31 Jul 2014

CHEESE OF THE WEEK: Occelli in chestnut leaves

Beppino Occelli's range of grand cheeses are
wrapped in everything from straw to tobacco leaves
Mention the words 'flavoured cheese' to a serious fromage lover and their face will usually fall into a stern look of disapproval. At the big international cheese awards, this class is generally full of products laced with cranberries, mango and curry powder and are widely dismissed (rightly in my view) as being awful gimmicks.

But as with so many things in life, you can't generalise. There are some terrific flavoured cheeses. Lynher Dairies in Cornwall is a case in point. It's nettle-wrapped Cornish Yarg is a modern British classic, while its lesser known Wild Garlic Yarg won the Flavour Added Cheese category at this year's British Cheeses Awards.

There's a long history of wrapping cheese in leaves with classics such as Banon in France (a cow's milk cheese wrapped in chestnut leaves) and ValdeĆ³n in Spain - a blue encased in sycamore leaves. The leaves act like a natural packaging, look beautiful and also imbue the cheese with very distinctive flavours.

Italy has a particularly strong tradition of leafy cheeses. Robiola is often wrapped in fig and cherry leaves and burrata was traditionally covered in a herb-like leaf called asphodel. Beppino Occelli – a cheese producer in Piedmont – is an expert in the field with 'grand' cheeses covered in everything from Barolo grape must and malted oats to tobacco leaves and even straw.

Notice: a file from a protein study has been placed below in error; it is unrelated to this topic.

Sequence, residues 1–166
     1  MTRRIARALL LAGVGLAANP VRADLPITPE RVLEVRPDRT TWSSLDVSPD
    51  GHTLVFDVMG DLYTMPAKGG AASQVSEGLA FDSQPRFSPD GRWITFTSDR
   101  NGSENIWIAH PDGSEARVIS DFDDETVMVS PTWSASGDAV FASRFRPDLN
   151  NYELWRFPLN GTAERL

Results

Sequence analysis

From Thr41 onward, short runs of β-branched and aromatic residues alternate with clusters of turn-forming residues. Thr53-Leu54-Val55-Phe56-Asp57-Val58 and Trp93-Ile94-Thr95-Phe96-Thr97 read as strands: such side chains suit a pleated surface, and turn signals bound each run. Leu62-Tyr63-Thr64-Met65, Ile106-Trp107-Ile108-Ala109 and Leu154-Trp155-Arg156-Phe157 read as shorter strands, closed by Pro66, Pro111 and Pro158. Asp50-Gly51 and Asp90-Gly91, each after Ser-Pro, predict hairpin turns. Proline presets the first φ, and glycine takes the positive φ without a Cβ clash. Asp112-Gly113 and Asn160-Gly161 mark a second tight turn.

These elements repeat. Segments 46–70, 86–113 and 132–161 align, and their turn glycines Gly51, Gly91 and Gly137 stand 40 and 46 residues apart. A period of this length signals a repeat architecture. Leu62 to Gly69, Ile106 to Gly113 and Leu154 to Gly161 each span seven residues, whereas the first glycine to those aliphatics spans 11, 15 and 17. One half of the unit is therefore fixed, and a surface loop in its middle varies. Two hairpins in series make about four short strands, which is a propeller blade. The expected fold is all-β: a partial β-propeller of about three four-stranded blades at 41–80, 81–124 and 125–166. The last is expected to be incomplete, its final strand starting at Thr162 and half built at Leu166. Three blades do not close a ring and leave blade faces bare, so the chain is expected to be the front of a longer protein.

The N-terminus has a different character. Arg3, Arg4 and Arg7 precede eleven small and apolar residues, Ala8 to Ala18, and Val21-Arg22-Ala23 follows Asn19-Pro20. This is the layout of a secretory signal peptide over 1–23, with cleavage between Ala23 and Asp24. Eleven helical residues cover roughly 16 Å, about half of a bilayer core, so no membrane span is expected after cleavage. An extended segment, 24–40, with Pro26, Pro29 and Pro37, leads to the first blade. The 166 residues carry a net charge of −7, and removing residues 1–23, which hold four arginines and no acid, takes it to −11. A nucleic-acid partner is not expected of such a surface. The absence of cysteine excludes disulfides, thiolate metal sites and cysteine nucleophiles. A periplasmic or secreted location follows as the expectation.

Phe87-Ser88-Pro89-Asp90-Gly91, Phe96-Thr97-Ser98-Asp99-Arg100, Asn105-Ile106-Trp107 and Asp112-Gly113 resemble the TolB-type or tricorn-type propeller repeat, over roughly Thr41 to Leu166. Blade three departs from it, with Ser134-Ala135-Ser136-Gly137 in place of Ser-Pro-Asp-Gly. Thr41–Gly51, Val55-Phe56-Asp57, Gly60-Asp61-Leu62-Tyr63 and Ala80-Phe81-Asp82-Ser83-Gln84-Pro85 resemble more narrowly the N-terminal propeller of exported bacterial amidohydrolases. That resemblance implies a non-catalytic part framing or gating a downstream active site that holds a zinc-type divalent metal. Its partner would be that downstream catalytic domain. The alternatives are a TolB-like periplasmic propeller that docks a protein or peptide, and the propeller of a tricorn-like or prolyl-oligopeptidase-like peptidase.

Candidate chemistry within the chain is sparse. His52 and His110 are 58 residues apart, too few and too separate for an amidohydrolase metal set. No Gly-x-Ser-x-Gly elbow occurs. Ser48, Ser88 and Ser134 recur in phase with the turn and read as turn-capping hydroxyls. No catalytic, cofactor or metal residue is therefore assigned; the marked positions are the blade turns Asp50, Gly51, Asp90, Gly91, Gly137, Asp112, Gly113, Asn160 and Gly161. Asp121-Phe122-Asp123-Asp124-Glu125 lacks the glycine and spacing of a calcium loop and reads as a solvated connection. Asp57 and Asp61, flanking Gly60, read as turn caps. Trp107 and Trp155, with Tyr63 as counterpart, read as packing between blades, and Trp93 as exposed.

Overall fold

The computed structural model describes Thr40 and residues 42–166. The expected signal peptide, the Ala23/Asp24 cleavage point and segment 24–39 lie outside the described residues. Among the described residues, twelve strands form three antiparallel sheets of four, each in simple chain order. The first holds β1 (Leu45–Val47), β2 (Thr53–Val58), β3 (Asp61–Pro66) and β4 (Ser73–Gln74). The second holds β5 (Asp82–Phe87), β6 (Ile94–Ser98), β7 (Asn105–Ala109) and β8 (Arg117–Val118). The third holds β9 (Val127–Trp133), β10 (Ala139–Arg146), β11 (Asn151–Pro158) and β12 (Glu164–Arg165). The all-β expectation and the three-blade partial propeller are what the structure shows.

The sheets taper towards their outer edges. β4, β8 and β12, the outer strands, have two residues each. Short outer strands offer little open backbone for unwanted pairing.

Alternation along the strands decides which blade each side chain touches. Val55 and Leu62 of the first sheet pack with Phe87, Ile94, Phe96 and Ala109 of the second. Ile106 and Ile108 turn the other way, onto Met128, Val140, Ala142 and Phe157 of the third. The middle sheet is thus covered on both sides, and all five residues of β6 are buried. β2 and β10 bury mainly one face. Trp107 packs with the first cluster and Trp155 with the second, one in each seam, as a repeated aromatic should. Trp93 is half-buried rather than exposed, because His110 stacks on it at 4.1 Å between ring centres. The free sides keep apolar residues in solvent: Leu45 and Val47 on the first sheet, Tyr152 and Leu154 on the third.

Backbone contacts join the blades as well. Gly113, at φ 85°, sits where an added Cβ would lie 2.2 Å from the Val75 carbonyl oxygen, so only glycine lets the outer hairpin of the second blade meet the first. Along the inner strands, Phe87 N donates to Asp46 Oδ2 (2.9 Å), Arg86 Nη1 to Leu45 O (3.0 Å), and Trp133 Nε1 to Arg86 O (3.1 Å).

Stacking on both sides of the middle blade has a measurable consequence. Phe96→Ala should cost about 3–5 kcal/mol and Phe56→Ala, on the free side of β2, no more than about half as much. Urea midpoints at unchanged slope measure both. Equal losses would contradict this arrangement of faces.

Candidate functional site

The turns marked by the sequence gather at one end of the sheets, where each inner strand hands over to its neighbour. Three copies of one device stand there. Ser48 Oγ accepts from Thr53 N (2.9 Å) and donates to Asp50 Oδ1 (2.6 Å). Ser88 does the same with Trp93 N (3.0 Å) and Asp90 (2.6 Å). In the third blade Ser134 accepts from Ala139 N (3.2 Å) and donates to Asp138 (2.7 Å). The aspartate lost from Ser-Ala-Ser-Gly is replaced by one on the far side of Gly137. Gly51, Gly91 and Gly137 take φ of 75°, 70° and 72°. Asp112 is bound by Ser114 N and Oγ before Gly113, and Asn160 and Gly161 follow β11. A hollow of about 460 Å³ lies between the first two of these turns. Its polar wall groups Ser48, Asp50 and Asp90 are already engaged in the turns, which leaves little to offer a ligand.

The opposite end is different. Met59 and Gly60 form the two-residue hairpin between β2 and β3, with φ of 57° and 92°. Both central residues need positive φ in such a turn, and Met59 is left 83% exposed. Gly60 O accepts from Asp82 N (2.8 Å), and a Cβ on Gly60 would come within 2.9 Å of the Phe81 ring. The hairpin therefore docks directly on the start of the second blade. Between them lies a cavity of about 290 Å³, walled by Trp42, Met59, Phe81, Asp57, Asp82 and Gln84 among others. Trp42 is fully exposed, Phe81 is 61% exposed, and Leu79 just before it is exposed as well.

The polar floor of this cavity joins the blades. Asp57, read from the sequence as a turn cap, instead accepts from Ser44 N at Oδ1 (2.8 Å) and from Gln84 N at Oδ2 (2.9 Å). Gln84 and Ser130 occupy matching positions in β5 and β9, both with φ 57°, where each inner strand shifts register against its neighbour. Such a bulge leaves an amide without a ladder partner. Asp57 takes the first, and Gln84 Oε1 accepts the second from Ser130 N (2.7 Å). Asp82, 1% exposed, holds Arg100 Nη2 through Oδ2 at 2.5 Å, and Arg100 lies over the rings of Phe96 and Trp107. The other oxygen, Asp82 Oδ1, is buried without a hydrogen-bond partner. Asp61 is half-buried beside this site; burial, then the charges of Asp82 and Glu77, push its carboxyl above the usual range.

One of its best is a cheese wrapped in chestnut leaves, which is currently part of Selfridges' Meet the Makers campaign*. It's made with cow's milk, plus either goat or sheep milk, depending what's in season, and is aged for 18-24 months before being wrapped in chestnut leaves.

It's an unusual cheese - tart and yoghurty with sweet pineapple flavours and an interesting fudgey breakdown just under the rind, which has an almost boozy intensity.

It's also a great example of why you shouldn't dismiss all flavoured cheeses. Maybe it's time to turn over a new leaf.

Where to buy: It's supplied by wholesaler The Cheese Cellar to various outlets including Selfridges

How to eat: This is definitely a table cheese – something to appreciate and savour, rather than put in a sandwich or cook with. In Piedmont they make a compote called 'cugna' from grapes and autumnal fruits such as apples, figs and hazelnuts, which would make a nice accompaniment.

What to drink: We ate it with the dark, rich and wondrous Bracia ale from Thornbridge, which is made with chestnut honey.

* Italian food blogger Giulio Rossi will be doing a cooking show and talking about Beppino Occelli's cheeses in Selfridges' London store on 9 August, 2014. Details here.

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